An interview was conducted with the President of the Ijaw National Congress (INC), Prof. Benjamin Okaba, where he spoke on the current state of the Niger Delta regarding oil spill, crude oil theft, alleged exploitation by oil companies, and oil discovery in the North. Okaba said that oil is a blessing but the mismanagement of its resources is a curse. He said that Nigeria has failed to utilize these resources in the right way. The country has sole dependence on oil, which now affects the people of Niger Delta negatively.
He said that the negative impact of this natural resource on the state began with the economy as domestic means of livelihood are not sustainable any more. Communities that used to be popular for exporting fishes and other aquatic resources now depend on foreign sources due to environmental pollution. He said that there is a psychology of slavery for indigenes of the state as they live in abject poverty, while their employers in the oil industry live in affluence. He added that over-reliance on oil has discouraged other sectors of the country.
Government has failed to ensure investment in education.
Engagement of the oil companies in corporate social responsibility has not yielded much impact in communities of the natural resource. He said majority of the companies are capitalist-oriented and majorly after maximization of profit. He said that there is no level of impact made by these companies towards the improvement of the communities. He asserted that they keep people poor to remain beggars at their mercy. He stated that the Nigerian state only has interest in the money that is made. As a result, whenever the state’s revenue is threatened, the state government is quick to militarize the area.
In his statement, he said that top management staff of the firms are not from the region. Okaba said that this is because the government has failed to ensure investment in education, training, and provision of scholarships for the people. He said that this act was done on purpose to keep people from intellectual development, thereby preventing them from questioning the operations and activities of the companies. Education is regarded as a social service, and the Nigerian constitution states that the government should be responsible for, at least, basic education.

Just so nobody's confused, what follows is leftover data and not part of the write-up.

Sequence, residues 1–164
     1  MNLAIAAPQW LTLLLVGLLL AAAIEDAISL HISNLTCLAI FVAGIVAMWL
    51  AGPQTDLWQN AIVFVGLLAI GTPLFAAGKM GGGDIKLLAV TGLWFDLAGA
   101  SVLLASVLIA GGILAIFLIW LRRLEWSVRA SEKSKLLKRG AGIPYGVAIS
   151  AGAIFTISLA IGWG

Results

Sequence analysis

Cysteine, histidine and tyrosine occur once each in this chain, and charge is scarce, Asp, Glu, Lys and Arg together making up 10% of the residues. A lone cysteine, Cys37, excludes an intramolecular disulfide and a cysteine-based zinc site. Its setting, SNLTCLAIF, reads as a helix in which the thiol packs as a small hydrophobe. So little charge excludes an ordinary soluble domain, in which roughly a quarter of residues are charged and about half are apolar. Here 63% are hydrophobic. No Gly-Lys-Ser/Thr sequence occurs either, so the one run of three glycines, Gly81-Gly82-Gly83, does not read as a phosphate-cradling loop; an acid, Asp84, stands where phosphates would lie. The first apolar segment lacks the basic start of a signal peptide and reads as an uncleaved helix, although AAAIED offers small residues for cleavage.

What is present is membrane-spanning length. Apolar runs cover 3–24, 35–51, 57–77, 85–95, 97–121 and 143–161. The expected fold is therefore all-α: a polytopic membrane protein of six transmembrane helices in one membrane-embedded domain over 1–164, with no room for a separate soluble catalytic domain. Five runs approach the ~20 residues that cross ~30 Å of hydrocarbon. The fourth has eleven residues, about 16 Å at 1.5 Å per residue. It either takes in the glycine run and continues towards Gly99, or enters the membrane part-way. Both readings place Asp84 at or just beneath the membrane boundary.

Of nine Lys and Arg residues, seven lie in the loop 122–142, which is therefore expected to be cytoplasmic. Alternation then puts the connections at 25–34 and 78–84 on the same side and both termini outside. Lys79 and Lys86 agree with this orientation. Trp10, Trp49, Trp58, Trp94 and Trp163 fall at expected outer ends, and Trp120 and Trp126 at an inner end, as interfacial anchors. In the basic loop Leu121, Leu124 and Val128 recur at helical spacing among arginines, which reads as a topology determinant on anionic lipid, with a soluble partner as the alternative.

Oil theft is capital intensive and capitalist-oriented.
According to the INC President, many parents in these areas are not financially capable to send their children to school. More so, the government and the oil firms are responsible for the destruction of the source of sustenance and livelihood of these poor families, therefore, they should take the responsibility of educating their children. There is a need for regeneration of the environment that also ensures that the people of the communities return to their positions, where they are able to earn a living and live a sustainable life at the same time.
Speaking on oil theft, he said that there are different categories to it. There is the daily bread category, which includes people who steal a jerry can of oil to fend for themselves. There is also the capital intensive, capitalist-oriented and mafia partnership-devised theft — between local, military, and international agencies — which is considered the real theft. It requires a massive capital of over 5 million naira, therefore is not a business for poor people. He added that there are heavily armed joint force units in the pipeline supervision area who watch over the theft.
Exclusive North Delta establishments are suffering from corruption.
Furthermore, Okaba said that it takes only a serious government that has interest in the development and welfare of the people to get the oil firms to be committed to their host communities. Although the federal government established the NDDC and the Ministry of Niger Delta Affairs specially for the region, the issue of corruption has not permitted these exclusive establishments to solve the problems of the region. He further said that the NDDC is controlled by someone that is not from the state. Inappropriate management of funds has also led to the questioning of their accountability.